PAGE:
Your boss just gave you a “coaching.” You don’t agree with him, but you sheepishly nod your head and then play your part. Then you talk to a customer; you say several polite things so as to stay in character. You meet a friend after work, and talk with interest about several things you’re not really interested in. Then you two go to a party, and you laugh and say the right things at the right times so as to fit in. Tomorrow morning you will enter stage left into the church and put on your pious face. You fall in line and play your role.
Your boss just gave you a “coaching.” You don’t agree with him, so you storm out of the room. Then you talk to a customer; you tell him to buzz off because you are not in the mood. You meet a friend after work, and you tell several stories that are obviously uninteresting to him—you drone on anyway. At the party, you do and say whatever suits your fancy, sometimes to the chagrin of other guests. And you’re not the pious type, so there’s no way you’re dragging yourself to Mass tomorrow. You just “be yourself.”
These two “yous” are obviously opposites in many respects. The first one is in a sorry state of affairs, fettered in on all sides by what he thinks he must do to fit in. All these boundaries do violence to him, suppressing his unique personality and twisting him into something he is not. He is not authentic, i.e., free to be oneself.
The second person, at first glance, seems more free and authentic, but he is no model of good living either. Inconsiderate and boorish, he is acting more like a child than an adult. Although he is free from being restricted by others’ expectations or by external boundaries, his behavior leaves him without the freedom to relate meaningfully to others or to strive for goals which require disciplined effort. He is not free to be fully himself, not because of boundaries, but because of the lack thereof. Thus, he actually has more in common with the first person than what first meets the eye: both are inauthentic.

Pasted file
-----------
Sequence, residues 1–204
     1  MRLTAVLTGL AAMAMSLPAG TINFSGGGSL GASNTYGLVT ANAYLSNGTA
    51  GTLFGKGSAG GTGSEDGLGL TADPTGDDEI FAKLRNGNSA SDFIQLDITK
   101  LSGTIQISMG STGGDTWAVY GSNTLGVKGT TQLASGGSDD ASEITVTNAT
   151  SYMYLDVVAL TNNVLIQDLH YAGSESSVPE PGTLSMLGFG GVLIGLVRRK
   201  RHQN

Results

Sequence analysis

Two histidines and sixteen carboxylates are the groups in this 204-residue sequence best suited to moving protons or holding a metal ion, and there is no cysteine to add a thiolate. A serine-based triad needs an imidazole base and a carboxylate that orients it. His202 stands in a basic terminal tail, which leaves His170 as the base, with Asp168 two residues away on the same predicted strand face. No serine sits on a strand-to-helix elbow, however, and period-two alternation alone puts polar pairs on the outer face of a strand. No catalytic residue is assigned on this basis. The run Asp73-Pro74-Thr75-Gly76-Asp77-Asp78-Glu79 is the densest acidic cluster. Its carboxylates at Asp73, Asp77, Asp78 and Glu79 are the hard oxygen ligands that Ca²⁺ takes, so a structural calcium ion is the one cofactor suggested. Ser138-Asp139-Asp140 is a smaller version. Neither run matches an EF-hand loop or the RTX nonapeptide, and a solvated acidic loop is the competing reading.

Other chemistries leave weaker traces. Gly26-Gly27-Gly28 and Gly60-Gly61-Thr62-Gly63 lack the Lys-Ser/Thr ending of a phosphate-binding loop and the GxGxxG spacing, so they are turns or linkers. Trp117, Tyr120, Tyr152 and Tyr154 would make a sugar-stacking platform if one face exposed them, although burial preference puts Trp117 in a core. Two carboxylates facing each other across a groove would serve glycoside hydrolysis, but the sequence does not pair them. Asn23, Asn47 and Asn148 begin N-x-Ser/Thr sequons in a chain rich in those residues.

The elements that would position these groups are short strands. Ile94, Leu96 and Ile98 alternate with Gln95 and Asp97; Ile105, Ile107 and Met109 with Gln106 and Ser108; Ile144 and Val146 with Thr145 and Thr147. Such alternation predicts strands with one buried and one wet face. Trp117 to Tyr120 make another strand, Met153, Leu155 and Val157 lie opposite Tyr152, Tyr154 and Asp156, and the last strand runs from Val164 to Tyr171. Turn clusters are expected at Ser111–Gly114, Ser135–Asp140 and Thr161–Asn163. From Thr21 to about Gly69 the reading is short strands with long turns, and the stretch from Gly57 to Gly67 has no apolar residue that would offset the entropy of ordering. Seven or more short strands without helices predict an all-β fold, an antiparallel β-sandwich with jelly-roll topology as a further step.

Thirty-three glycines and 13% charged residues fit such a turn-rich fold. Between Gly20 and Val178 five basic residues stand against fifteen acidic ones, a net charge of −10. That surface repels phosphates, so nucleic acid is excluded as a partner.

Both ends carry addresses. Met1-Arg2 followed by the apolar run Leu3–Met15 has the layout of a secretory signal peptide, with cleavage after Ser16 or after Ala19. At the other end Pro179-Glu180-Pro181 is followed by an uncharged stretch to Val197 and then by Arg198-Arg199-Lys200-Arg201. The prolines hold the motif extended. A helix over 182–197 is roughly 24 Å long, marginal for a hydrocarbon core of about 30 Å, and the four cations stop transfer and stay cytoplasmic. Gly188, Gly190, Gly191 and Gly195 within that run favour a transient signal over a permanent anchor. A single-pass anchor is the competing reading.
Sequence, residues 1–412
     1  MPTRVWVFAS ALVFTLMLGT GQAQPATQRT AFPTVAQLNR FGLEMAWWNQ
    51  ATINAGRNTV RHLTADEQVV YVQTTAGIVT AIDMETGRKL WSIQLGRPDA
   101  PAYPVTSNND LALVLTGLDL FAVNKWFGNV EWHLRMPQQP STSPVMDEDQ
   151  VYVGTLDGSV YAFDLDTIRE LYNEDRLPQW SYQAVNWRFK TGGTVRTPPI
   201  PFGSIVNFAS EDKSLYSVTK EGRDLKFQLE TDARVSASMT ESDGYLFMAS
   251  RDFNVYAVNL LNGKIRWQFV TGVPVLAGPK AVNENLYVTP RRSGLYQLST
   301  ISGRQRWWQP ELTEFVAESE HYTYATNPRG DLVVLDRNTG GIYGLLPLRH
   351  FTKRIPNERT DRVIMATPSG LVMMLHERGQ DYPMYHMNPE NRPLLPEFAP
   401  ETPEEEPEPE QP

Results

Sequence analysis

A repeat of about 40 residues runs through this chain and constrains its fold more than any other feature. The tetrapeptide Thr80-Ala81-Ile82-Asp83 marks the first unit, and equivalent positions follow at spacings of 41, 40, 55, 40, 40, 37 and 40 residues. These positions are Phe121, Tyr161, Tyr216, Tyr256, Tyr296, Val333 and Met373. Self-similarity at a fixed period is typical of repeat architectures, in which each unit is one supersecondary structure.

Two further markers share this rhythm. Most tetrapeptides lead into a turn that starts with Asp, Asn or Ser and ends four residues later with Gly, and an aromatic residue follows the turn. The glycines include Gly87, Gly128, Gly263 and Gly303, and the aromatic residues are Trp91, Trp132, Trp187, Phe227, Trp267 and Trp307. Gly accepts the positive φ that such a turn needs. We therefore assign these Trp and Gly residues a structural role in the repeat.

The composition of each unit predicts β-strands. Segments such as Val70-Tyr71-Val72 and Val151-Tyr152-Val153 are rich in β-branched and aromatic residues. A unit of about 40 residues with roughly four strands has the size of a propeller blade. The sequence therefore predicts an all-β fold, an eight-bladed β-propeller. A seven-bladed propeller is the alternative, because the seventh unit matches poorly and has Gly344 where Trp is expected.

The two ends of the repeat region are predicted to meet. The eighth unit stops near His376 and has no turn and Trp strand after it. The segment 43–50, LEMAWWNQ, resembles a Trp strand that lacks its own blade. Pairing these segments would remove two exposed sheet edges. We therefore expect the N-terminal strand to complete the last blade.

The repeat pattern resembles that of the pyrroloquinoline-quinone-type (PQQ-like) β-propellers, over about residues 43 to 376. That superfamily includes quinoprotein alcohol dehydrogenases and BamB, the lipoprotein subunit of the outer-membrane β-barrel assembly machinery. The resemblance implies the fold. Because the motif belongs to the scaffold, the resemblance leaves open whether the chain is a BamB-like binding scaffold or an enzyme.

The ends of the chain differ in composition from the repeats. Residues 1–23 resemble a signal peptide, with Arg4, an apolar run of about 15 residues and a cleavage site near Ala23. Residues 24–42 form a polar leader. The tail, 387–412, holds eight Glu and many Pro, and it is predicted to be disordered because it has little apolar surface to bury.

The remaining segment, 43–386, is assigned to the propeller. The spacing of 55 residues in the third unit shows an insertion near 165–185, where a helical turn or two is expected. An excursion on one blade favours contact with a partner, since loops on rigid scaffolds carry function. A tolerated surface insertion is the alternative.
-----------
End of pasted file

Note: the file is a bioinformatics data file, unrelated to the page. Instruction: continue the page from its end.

Authenticity is not so much about rejecting boundaries, but about rejecting bad ones and being guided by good ones. Bad boundaries lessen one’s freedom and hinder one from becoming more fully oneself. The boundaries repressing the people-pleaser above are bad boundaries, even if they’re self-imposed. Contrarily, good boundaries and motivations aid one to grow into the best version of oneself and actually increase freedom. The boundaries imposed by virtue and the commandments of God are examples of good boundaries.
Guided by these boundaries, all that is disordered in a person’s personality and temperament will be smelted away, and all that is good in them will shine all the brighter, reaching new heights and a wider freedom. Far from detracting from authenticity, these boundaries are its safeguard and promoter. They provide a map for the journey of life, giving one the ability to see the vastness of the terrain and to recognize the height of one’s calling: “Put on the new man, created after the likeness of God in true righteousness and holiness” (Eph 4:24).